Monthly Archives: July 2024

The Key of David

While I was in Chicago last month (to give a slew of pre-concert lectures for the symphony), I took one evening to record a piece that’s been in need of a recording for quite a while now, “O Clavis David,” for choir and organ:

As to the recording session itself, all I can say is, if you hire the right people, you’ll get a good product, and thankfully I had a friend who knew all the right people to hire.

Of course, where organs are concerned you don’t just need the right person playing (which I had) but you also need the right person to record (ditto) and you darn well better make sure you’ve got a quality instrument in an excellent acoustic.

This recording was made at St. Luke’s Episcopal Church in Evanston, which boasts a blazing hot E. M. Skinner organ. When I walked into the church and heard the organist practicing his part, I practically thought he was going to knock my ears off my head.

Luckily he pulled it back (just a little) for the session, but saints alive is that a phenomenal instrument. The piece was written for the Flentrop organ at St. Mark’s in Seattle, which couldn’t be more different, but that’s the thing with writing for the organ — you do your best to make a piece that will work in many different settings, because you never know what you’re going to get.

Costume Party

This first appeared as an essay on Tone Prose, a weekly Substack newsletter about the world of classical music.

The other day I was perusing the r/Seattle subreddit and I came across a question to the effect of: “My boyfriend and I want to get dressed up and go out for a fancy evening. Where in Seattle would we feel comfortable?”

The answers were predictable: “oh Seattle is so casual, you can wear whatever you want, nobody cares.” Indeed, that is true: in Seattle you can wear whatever you want and nobody cares. But I have a sneaking suspicion that’s not what the questioner was really asking.

What the questioner wanted to know is: where can we get dressed up and go out for a night on the town *and be surrounded by other fancy people*?” 

Now, one of the answers on the thread actually did suggest the Symphony and the Opera, and it’s not a bad answer, because those spaces are, at the broadest level, fancier than most spaces you come across in Seattle. But truth be told, most symphony goers dress “smart casual” at best, and certainly not in anything that could be said to resemble formalwear.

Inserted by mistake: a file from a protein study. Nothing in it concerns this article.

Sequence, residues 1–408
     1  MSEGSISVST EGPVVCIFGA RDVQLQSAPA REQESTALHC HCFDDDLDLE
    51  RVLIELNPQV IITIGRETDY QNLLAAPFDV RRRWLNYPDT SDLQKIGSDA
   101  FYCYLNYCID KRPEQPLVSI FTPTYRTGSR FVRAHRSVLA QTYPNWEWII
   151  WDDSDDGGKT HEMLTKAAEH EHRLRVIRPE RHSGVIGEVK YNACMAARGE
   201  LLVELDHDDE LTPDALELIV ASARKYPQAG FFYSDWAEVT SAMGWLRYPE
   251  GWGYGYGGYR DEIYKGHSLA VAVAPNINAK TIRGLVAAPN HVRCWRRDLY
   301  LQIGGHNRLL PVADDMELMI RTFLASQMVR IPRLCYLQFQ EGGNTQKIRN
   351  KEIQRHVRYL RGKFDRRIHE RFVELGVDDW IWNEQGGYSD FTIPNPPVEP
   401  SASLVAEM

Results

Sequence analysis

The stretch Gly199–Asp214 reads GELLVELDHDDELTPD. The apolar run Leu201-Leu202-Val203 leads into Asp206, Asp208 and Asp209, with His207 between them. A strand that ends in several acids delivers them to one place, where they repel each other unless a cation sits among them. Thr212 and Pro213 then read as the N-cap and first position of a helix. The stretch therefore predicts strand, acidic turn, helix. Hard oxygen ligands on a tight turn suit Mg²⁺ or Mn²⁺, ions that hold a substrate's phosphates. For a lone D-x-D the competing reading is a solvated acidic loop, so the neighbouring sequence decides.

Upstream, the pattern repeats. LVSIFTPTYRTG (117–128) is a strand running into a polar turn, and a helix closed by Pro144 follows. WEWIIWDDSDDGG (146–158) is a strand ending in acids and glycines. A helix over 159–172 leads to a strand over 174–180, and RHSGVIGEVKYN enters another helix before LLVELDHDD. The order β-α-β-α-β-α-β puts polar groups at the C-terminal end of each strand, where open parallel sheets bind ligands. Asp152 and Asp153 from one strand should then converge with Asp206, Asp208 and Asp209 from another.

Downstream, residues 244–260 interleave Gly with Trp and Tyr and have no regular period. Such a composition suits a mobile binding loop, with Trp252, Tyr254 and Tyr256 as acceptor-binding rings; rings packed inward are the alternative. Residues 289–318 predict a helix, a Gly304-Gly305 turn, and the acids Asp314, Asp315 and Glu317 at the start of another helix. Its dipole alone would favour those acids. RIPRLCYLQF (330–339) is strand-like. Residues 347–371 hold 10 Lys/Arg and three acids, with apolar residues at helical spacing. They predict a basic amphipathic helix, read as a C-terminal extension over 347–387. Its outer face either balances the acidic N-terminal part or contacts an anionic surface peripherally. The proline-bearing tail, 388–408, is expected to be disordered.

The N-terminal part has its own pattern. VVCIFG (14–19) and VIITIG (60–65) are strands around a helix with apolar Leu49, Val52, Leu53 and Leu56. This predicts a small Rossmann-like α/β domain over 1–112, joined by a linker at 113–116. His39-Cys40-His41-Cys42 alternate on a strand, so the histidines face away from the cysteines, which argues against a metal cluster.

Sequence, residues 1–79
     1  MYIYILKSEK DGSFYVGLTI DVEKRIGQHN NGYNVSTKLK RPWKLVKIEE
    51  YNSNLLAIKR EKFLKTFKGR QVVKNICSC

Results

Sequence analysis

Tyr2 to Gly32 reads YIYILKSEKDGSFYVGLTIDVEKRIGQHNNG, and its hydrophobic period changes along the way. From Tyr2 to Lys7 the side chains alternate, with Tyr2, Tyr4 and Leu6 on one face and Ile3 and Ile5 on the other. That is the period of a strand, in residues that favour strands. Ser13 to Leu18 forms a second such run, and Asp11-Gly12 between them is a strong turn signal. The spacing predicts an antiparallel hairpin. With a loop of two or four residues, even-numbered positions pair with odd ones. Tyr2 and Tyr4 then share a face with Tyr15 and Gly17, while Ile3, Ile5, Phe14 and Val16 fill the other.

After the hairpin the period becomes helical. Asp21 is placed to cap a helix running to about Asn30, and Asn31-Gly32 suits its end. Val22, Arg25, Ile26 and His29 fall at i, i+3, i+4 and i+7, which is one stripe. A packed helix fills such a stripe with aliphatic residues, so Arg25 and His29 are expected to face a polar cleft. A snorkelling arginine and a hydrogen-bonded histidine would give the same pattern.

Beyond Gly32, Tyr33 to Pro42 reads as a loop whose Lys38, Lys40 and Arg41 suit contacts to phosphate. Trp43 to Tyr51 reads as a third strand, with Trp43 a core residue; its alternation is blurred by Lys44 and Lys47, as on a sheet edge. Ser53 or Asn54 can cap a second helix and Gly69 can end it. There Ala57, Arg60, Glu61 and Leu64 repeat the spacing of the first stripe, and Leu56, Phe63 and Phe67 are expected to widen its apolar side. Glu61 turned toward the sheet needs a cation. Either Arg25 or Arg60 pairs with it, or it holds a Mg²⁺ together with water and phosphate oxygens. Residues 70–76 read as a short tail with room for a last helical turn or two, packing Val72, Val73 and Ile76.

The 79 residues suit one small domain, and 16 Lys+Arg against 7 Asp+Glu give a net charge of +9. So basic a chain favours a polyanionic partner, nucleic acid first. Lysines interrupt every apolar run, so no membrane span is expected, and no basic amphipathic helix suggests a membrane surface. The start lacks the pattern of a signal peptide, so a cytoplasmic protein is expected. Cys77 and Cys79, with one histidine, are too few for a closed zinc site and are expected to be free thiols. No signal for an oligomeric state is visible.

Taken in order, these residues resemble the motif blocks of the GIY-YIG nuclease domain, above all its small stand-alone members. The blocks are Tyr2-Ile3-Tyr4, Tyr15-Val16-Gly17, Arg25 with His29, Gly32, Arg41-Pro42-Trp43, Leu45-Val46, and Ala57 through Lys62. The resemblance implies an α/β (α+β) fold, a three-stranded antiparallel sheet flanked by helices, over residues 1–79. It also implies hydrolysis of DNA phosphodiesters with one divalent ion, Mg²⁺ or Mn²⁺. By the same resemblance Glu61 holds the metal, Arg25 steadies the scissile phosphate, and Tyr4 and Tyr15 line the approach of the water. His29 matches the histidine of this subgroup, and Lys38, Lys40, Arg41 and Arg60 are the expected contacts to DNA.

If we’re being honest, that’s the case in most concert halls and opera houses throughout the country, and indeed the world, though overall fashion standards are perhaps a tad more elevated in Europe and Asia than they are in North America.

People in the Classical Music Industrial Complex are always talking about how we need to make the experience of going to a performance more relatable, more easy-going, more casual, because that will connect with real people. And indeed, many orchestras, including the Seattle Symphony, have given up their white ties and their tails and adopted the All-Black Visual Succubus attire.

Now a slight tangent: I have a friend, a real dweeb of a fellow, who’s very into swords and sandals and fantasy. He decided to level up his involvement in his hobby and participate in a LARPing weekend. That stands for “Live Action Role Playing,” and it’s becoming a bigger and bigger thing. The idea is, you and 250 other losers dress up as characters from medieval fantasy, go camping out in the woods, and essentially bring a D&D campaign to life, complete with props, magic powers, multiple “lives”, strength/healing levels, baddies, bosses — the whole thing. The way I understand it, it’s historical reenactment meets video games meets kink play.

These LARP people take the whole thing rather seriously (as you might imagine) and so you have to send a photo of your costume even to get approved to participate. I thought it all sounded absurd (it still does) but what my friend said is that on Saturday at 10:00 am, when everyone showed up on the field of battle to start the game, he was overwhelmed by the power of seeing so many other dorks all dressed like warriors and elves and wizards.

Just once, I’d like to have that experience in the concert hall. I think a major symphony orchestra could at the very least try a single concert where a fancy dress code is enforced. We’d get to experience music the way our grandparents and great-grandparents did. You could even program period-appropriate music. It wouldn’t even be that hard! Start with a 1950s night where the audience just wore regular suits, ties, and dresses, and play a mix of Arnold Schoenberg and Leroy Anderson.

But there’s a real chance to level up, and wouldn’t it be fun to go to a concert where not only the orchestra, but also hundreds or thousands of audience members were wearing white tie and tails, ball gowns and jewels? We could have Brahms and Tchaikovsky and Offenbach for a treat. 

Yes indeed, concerts should be LARPing – Listening Attired (as) Reactionary Posh (human beings). Now that’s my idea of a good time!!